I was in the market for an oscilloscope, but I didn't want to spend much. I found out about Rigol and their line of $300-400 scopes, and was getting ready to buy one. Then I found a post on how to make your DS1052E, which costs about $400 into a DS1102E, which costs about $700 with a simple firmware modification! I bought the scope right after, and I received it in the mail today. It's pretty nice by default, but doubling the bandwidth is always a plus.
The DS1052E has a 50Mhz maximum frequency, but it has exactly the same hardware (as far as the reverse-engineering folks can tell) as the DS1102E, which has a 100Mhz maximum. This guide will show you how to make the switch very easily using Linux. You can do it in Windows too, but it's a bit more involved, and Linux makes it really really easy.
I've attached the Rigol user guide for both units, in case you don't have one.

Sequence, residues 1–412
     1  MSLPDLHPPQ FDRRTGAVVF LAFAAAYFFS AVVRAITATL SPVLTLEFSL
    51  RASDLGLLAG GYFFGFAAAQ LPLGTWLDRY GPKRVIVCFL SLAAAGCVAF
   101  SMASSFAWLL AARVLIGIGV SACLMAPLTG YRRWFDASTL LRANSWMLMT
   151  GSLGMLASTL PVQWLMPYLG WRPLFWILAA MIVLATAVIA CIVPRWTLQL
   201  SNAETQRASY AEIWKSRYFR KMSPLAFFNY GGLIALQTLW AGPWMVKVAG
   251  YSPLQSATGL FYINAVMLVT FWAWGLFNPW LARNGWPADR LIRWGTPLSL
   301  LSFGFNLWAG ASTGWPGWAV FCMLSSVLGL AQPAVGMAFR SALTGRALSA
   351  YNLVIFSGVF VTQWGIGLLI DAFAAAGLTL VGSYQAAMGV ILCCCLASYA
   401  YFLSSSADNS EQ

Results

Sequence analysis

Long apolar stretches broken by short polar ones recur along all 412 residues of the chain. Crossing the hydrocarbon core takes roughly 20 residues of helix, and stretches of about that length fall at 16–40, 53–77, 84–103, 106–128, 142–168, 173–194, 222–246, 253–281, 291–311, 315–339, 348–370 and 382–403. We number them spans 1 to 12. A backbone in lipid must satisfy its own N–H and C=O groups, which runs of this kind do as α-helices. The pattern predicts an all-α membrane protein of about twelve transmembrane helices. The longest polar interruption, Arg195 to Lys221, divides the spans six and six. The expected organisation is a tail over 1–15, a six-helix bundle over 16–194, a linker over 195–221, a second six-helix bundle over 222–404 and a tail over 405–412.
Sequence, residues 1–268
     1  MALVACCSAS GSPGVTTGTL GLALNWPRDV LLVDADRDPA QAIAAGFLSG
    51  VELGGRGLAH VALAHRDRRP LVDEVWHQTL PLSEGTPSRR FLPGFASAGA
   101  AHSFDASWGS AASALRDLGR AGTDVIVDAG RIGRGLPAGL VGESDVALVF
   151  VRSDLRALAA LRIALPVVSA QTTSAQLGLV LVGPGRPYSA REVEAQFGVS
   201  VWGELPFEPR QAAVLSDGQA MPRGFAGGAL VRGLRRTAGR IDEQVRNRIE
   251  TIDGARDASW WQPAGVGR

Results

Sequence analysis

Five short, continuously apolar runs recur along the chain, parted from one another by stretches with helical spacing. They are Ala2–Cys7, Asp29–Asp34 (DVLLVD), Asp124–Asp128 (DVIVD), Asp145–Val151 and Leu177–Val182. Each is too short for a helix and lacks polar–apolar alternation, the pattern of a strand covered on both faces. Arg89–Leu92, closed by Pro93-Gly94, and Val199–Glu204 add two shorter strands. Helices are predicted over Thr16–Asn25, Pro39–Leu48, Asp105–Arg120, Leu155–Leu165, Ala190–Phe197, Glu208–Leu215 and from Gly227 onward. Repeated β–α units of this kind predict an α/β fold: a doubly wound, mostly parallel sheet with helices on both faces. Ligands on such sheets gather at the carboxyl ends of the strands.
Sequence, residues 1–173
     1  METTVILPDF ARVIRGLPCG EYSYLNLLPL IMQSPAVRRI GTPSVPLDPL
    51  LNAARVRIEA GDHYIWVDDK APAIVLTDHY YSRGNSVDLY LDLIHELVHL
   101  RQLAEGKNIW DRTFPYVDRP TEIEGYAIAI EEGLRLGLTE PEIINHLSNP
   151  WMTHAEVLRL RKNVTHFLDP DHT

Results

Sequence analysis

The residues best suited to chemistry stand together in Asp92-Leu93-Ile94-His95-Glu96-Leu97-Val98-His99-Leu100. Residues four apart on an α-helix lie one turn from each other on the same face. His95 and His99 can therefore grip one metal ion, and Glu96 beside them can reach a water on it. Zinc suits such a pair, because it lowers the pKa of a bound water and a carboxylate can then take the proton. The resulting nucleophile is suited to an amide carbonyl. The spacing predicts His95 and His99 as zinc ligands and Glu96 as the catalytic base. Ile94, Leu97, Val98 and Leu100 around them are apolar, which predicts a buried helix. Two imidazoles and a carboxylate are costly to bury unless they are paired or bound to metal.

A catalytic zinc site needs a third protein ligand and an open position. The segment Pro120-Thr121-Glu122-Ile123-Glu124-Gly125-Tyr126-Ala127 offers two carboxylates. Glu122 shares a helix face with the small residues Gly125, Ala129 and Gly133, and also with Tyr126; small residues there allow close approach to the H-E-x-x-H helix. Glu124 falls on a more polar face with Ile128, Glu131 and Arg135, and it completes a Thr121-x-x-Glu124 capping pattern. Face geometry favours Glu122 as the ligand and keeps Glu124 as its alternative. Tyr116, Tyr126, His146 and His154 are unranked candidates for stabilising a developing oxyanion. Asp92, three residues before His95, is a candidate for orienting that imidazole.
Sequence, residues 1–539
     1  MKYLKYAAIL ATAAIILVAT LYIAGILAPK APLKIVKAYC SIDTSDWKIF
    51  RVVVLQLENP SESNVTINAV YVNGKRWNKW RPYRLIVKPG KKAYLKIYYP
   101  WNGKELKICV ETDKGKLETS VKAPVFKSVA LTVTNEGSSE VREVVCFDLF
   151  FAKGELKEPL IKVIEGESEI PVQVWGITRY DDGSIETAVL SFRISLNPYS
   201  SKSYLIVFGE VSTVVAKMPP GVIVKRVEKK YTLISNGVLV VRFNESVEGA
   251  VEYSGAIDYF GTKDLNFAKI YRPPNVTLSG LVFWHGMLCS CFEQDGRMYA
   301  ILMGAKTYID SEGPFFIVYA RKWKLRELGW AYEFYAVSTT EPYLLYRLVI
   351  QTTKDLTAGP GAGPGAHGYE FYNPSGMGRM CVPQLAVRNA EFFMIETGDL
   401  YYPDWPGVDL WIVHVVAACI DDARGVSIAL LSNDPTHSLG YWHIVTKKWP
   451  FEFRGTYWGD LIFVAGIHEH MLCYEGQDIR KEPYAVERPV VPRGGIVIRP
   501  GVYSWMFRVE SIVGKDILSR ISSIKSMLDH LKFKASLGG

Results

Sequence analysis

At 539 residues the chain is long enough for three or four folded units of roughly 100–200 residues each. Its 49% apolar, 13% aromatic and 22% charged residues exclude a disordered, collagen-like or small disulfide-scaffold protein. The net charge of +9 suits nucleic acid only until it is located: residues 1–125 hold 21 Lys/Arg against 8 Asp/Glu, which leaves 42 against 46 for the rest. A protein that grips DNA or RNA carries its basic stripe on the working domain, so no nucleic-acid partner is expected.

WARNING: It's entirely likely that this completely voids your warranty. Make sure you know what you're doing - you can brick your scope if you screw anything up.
Step 1: Spec Comparison
Here are the specs of the 2 scope models. Our test to see if we've succeeded is by looking at the Time Base Range minimum setting - the DS1052E has a 5ns/div setting, where the DS1102E has a 2ns/div setting - a much more accurate view for sure!
Step 2: Get Linux Running
The first step is to get Linux going if you don't already have it. I use Ubuntu 10.10 as my desktop OS, so I was able to skip this step. If you don't want to continue running Linux, and just want to get this scope flashed, you can download the Ubuntu LiveCD, burn it, and boot from it.